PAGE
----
As we grapple with the repercussions of the coronavirus pandemic, there is one thing we can be certain of, that absolutely nothing is certain. The pandemic has challenged our sanity with opposing information coming at us from all directions, made us buy shopping carts full of toilet paper (which still puzzles me) and has businesses scrambling to adjust to the new normal with increased sanitation efforts, discounts to keep cash coming in and more delivery options to deal with stay-at-home directives.

Something happens to people when faced with chaos and uncertainty – our survival instincts kick in. We tend to focus more on necessity, get back to basics and make choices that in the end are more beneficial to our well-being, both on a personal level and as a business leader.

As leaders, we must lean into the ambiguity, which is a hallmark of great leadership, and turn our focus to the things we can control. The following are some recommendations I’ve made this week to my coaching clients. I’m also practicing what I preach within our organization and following each of these to the best of my ability.

We are leaders, and we must lead.

We are leaders of people, and our employees are seeking clarity and direction. We must help them cut the noise, communicate what’s going on in our business and make them feel safe in their roles. I give credit to my partner, Jesse Edelman, who has provided daily COVID-19 updates to our entire team. His messages are the perfect mix of facts about the situation, updates on how the business is reacting and thanks to employees for keeping things moving.

Be (at least virtually) visible.

Leaders must be visible and vocal, even when making dramatic decisions for the health and well-being of the business. Employees have to understand the severity of the situation, dilemmas we are facing and not feel like they are in the dark. We must help frame the situation so people can act. Without communication, employees invent their own reality (with the media providing the backstory) so leaders must attempt to control the narrative. There’s a balance here between optimism and transparency. We can’t scream that the theatre’s on fire, but we have to be grounded in the reality of the times.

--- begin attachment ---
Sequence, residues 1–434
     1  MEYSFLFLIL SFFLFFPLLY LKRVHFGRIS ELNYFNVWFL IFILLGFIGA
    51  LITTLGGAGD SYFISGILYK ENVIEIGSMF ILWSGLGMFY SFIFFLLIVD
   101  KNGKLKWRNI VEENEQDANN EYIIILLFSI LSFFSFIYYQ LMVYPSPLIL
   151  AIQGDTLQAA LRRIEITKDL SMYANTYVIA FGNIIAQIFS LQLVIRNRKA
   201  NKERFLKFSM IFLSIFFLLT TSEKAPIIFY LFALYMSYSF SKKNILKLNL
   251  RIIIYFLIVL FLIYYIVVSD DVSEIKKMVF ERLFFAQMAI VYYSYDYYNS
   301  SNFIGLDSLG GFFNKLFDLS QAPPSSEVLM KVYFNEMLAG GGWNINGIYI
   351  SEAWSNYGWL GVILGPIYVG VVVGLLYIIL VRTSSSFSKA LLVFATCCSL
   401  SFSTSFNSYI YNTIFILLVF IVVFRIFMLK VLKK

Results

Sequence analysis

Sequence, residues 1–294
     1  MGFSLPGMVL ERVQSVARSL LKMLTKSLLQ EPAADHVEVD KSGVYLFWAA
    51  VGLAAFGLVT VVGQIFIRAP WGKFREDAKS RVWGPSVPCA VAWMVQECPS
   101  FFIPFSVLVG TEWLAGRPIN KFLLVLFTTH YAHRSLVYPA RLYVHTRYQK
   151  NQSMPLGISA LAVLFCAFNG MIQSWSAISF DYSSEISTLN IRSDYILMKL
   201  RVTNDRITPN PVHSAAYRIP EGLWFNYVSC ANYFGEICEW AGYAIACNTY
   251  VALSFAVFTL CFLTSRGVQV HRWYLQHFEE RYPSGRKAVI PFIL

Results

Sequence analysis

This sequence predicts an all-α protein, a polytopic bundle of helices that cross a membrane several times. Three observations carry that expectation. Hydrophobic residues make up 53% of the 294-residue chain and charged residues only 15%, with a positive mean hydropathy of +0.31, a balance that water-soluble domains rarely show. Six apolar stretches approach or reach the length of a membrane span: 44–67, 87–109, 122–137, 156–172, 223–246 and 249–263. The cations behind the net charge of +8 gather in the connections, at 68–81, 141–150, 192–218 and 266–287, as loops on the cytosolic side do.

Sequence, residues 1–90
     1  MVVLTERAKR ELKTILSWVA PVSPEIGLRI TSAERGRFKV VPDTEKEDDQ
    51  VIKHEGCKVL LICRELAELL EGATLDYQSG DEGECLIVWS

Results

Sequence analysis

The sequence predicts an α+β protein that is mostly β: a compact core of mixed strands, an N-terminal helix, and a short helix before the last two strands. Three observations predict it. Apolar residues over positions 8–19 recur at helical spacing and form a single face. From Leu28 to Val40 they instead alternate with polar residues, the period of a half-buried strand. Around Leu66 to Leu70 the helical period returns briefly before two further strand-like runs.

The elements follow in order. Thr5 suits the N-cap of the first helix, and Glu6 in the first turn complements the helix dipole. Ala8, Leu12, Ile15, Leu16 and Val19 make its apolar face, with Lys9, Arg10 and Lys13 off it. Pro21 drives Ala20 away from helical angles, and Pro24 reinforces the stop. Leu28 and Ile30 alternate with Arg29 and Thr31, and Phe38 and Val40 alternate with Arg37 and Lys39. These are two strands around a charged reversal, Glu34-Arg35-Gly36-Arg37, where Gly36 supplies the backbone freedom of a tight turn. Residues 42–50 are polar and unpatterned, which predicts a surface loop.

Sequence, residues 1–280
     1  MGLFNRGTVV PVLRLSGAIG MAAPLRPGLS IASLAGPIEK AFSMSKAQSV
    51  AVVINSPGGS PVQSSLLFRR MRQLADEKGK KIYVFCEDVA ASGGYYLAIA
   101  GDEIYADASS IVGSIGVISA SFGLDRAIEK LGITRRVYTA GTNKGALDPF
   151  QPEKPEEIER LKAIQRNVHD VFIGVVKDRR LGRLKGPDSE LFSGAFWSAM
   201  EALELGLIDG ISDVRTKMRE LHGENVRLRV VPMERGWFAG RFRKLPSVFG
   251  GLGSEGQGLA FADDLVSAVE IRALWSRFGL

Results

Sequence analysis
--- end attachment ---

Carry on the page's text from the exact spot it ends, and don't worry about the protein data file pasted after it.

Don’t let daily triage completely eclipse long-term planning.

We can’t come out of this unprepared for what is next. The economy will rebound. We will make it through, albeit a bit battered and bruised. We will be charged with leading through an unprecedented time of recovery. Now is the time to revisit strategic plans, adjust and create contingencies. Revisit your established priorities, determining what should stay at the top of the list. Pacing of execution can also be adjusted since the timing of accomplishing goals will likely be impacted.

Set a personal goal.

You’ve heard this before, but I want to reiterate its importance. Take virtual piano lessons or sign up for Duolingo and practice your Spanish. You can use this time to achieve something you’ve always wanted to do. Conversely, you can decide to re-watch all seasons of The West Wing. The point here is to have something to focus on that takes you out of solution-finding mode and gives your mind a breather.

Get on with it.

There’s something to be said about this mentality in times like these, times when leaders need grit and tenacity. Whatever happens, we are smart, capable and able to react consistently with our values. We know things are going to change and hard times will be had. But all we can do is take one step at a time, one foot in front of the other.

I welcome and encourage you to please reach out to me and others in this time. Find your community of leaders who can provide perspective and support your efforts to your teams.

Richard Spoon